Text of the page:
Day 5: New Years Eve
Leeuwarden Travel Blog› entry 7 of 8 › view all entries
December 31st, 2005 – by: alison_wndrlnd
We first stopped into the shop where Eva's sister, Sara, worked.
Eva then took us to this really cute place around the corner. It was an old time candy shop place (so cute!), but they also had a seating area where they served tea and pastries and stuff. The place was so desserted that the little old ladies who run the shop didn't even see us come in and sit down. But when they eventually did find us, Eva treated us to a kind of "very traditionally Dutch" specialty cake. (Don't remember what it was called) Usually, it's a food reserved for special occasions though. Like the Queen's birthday.
We then took a stroll outside the city centre to go visit the old house where Jena used to live. It was a decent hike, especially in those conditions. We did pass this along the way though:
Eventually though, all our feet were so numb that we weren't even sure they actually existed anymore. So we made back for the house about mid-afternoon.
The rest of New Years Eve was quite interesting. I can certainly say it was unlike any other New Years I've had. Apparently no one really celebrates the lead up to the New Year. Rather, all the celebrations start at midnight. So we spent the evening in like it was any other night. Well... almost any other night.
Anyway, at midnight the real fun started. We all got champagne, watched some countdown thing with bad music on tv, I quickly tried to learn the Dutch for "Happy New Year" (it wasn't happening), and then right outside for (drumroll please)... The Fireworks.
Now, I'd been waiting for The Fireworks for a while now. I had heard so much about them, that they had been built up as this magical mythological event in my head. I didn't know what to expect. But clearly the Dutch take their fireworks more seriously than possibly anyone else in the world, save for maybe the Chinese (credit for invention).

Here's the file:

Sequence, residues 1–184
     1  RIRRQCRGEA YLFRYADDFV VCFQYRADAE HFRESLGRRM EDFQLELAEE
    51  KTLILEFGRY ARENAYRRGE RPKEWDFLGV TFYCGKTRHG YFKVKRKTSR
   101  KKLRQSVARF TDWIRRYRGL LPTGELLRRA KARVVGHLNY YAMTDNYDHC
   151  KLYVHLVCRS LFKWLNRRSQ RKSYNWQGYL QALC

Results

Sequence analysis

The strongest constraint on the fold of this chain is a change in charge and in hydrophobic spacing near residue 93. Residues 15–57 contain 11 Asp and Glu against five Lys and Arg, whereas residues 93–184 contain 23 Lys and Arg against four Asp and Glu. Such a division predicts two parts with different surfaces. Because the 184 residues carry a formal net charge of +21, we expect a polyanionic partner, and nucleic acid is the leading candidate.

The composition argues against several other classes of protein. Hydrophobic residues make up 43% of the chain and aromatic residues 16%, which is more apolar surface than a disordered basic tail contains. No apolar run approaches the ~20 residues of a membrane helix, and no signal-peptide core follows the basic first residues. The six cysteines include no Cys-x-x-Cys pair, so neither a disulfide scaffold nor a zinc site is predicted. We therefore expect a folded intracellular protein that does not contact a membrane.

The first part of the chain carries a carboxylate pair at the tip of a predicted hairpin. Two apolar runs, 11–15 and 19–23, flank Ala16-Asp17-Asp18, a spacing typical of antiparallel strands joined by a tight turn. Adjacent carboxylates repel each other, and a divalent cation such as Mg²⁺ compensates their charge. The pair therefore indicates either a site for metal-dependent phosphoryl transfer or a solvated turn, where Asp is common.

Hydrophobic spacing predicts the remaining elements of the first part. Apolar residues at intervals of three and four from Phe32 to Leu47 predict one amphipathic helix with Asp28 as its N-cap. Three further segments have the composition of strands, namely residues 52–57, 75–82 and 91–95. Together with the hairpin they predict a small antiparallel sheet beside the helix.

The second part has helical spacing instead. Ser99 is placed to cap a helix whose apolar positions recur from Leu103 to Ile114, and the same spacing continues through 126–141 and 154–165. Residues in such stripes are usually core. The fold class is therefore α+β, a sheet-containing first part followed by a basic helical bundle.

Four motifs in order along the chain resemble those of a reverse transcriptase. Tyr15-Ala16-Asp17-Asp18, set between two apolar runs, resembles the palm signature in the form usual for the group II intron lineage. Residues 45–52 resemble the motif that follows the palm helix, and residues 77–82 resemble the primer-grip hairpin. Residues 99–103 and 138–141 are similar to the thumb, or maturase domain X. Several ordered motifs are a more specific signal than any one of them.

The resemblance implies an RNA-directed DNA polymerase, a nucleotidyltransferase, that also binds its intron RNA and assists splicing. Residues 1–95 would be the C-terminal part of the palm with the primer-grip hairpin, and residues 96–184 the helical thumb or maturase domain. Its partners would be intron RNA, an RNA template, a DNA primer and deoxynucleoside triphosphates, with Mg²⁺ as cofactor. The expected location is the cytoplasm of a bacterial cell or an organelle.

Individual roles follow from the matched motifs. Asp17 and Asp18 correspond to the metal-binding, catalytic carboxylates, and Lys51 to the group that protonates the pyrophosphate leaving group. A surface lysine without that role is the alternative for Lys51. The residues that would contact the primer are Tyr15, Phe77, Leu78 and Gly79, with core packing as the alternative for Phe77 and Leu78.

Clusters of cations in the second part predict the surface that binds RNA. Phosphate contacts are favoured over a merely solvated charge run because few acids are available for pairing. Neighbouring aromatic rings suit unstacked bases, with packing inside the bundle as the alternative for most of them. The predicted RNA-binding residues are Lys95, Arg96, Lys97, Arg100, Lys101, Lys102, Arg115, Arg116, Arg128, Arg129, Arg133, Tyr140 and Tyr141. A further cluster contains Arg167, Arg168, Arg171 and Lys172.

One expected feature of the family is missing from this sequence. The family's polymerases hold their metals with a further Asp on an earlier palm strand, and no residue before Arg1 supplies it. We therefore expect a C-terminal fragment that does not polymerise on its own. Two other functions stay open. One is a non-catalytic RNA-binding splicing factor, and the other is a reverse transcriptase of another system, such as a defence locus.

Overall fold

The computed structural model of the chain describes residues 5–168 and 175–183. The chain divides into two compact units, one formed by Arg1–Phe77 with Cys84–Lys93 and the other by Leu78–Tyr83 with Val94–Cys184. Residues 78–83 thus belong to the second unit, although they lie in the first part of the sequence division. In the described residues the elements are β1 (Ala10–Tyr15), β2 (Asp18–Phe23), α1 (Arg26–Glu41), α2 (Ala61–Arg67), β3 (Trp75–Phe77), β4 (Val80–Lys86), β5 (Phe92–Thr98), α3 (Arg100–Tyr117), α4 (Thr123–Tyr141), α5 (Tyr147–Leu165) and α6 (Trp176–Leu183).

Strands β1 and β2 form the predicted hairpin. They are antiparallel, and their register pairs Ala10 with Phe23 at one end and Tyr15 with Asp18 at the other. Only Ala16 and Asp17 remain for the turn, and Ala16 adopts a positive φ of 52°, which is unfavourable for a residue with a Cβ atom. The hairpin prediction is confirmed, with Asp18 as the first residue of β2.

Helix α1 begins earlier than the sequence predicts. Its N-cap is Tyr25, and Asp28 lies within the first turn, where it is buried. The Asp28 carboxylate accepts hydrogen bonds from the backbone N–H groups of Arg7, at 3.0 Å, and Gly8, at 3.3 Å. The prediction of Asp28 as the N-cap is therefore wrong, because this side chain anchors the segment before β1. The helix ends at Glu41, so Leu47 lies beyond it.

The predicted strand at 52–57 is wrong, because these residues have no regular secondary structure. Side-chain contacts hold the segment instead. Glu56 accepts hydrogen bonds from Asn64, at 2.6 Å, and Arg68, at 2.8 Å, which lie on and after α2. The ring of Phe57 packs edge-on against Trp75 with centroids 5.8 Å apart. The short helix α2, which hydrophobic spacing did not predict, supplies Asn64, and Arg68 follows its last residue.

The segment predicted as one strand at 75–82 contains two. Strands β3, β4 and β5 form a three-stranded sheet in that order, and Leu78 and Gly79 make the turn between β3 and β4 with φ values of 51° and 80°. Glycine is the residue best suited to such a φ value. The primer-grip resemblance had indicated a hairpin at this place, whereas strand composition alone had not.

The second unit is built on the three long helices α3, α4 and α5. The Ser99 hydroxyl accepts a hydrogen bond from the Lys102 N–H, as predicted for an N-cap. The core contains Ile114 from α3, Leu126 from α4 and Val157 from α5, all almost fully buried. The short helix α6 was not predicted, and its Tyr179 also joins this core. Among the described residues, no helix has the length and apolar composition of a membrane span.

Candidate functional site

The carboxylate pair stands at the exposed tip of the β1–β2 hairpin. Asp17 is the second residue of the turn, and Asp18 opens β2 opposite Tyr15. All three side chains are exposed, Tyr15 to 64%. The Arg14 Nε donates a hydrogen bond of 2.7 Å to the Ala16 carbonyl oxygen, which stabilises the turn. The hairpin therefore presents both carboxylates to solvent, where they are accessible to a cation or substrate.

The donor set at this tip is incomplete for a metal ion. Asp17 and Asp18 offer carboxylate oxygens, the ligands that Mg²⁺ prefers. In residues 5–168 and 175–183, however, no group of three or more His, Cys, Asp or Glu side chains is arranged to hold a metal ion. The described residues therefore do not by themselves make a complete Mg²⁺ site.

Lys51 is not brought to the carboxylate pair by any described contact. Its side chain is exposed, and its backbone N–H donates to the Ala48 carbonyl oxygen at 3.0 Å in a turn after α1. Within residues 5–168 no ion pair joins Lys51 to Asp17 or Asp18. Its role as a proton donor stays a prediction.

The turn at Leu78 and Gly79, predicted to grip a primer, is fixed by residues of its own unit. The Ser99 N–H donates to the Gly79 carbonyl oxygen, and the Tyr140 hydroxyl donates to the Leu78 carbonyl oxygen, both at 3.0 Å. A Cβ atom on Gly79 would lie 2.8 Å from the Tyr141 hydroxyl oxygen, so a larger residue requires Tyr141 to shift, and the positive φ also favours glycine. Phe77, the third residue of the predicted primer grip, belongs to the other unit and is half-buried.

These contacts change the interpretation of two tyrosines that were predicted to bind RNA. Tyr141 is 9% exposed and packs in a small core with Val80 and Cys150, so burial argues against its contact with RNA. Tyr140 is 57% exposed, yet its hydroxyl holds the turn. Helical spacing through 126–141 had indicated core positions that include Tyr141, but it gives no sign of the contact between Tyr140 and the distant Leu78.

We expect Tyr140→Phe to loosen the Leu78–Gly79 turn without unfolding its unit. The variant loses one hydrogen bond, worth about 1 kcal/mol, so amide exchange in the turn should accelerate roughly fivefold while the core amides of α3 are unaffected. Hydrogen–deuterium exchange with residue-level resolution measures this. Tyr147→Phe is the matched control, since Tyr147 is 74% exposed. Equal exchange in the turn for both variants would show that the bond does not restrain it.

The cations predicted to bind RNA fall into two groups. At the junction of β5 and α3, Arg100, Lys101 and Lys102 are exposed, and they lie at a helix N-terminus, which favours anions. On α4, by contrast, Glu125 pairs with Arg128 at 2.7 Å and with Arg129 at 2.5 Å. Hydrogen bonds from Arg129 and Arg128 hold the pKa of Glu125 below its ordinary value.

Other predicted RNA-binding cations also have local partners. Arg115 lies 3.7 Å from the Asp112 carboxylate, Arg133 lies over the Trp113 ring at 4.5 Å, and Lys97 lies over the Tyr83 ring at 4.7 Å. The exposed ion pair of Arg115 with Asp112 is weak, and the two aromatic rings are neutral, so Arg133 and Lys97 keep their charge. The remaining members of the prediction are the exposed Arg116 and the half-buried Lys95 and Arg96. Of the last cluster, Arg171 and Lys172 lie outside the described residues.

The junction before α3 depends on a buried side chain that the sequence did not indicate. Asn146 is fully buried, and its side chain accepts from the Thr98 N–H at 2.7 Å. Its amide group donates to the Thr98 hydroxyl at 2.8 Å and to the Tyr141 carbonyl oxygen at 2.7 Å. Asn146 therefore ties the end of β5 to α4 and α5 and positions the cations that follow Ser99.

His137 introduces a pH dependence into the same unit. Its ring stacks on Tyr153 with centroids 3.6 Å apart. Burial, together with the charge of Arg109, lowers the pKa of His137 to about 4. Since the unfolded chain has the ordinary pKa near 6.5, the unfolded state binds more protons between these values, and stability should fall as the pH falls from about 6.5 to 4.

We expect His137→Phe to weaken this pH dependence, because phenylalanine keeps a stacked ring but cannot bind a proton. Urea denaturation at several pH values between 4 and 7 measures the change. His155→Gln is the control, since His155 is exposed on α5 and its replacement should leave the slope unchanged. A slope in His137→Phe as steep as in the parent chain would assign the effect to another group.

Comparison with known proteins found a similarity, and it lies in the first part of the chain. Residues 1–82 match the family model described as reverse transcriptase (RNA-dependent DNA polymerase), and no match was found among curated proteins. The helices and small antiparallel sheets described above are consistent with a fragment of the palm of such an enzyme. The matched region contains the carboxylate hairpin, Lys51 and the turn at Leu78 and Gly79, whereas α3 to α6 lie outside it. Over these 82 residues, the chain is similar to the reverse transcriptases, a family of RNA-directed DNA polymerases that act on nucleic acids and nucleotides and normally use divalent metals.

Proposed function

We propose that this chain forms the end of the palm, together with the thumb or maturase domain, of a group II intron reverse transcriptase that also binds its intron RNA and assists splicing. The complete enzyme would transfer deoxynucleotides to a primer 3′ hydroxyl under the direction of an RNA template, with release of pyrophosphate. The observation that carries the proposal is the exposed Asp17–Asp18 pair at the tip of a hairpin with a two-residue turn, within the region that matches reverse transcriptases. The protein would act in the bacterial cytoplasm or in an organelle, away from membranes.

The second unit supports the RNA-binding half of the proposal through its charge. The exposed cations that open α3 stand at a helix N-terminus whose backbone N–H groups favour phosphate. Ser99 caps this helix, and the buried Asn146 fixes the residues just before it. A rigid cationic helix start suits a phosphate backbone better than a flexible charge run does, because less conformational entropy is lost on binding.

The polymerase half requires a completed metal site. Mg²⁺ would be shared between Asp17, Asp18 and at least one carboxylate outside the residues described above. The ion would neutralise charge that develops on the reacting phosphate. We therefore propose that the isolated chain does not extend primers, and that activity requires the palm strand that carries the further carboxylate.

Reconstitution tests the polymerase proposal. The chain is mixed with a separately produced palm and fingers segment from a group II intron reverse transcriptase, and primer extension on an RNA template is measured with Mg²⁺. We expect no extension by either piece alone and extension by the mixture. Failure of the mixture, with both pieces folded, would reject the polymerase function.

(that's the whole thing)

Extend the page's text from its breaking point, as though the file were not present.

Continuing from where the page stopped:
It's not the quality of the display for the Dutch though. Far from it. For the Dutch it is 100% purely about the Quantity. Everyone who's anyone sets off their own fireworks display right from their front porch. We opened the door at midnight and nothing but a giant wall of smoke and flashes of blinding light met us from every direction. From every square inch of Leeuwarden crackers were being shot into the air... heck, we had at least 9 displays going off from the middle of our road alone (Mr Annema and Friso contributing, naturally). It was the craziest thing I had ever seen. I felt like I was in a war zone.
And everybody was outside. Every single person from every single household comes out of their houses and into the roads. Half of them choose to be "standers" and the other half choose to be "greeters", but eventually you do meet up with every last one of your neighbors. It's almost like a race to see who can get around the whole block wishing everyone a Happy New Year first. And I think I did more of that Euro-cheek-kissing stuff on that night than I have in my entire life thus far. Just Random strangers. And no one questions the random American girl wishing them a "Happy New Year" among all the "gelukkige nieuwjaar"s.
Then it was off to a huge neighborhood gathering around the corner... a nice warm outdoor fire and gluwein (a drink oddly similar to Mulled Wine) for all!! Funnery, drunkeness, and embarrassing moments ensued.
It was just such a fun, random experience.
Anyway.... that was the craziness of that night in a nutshell.
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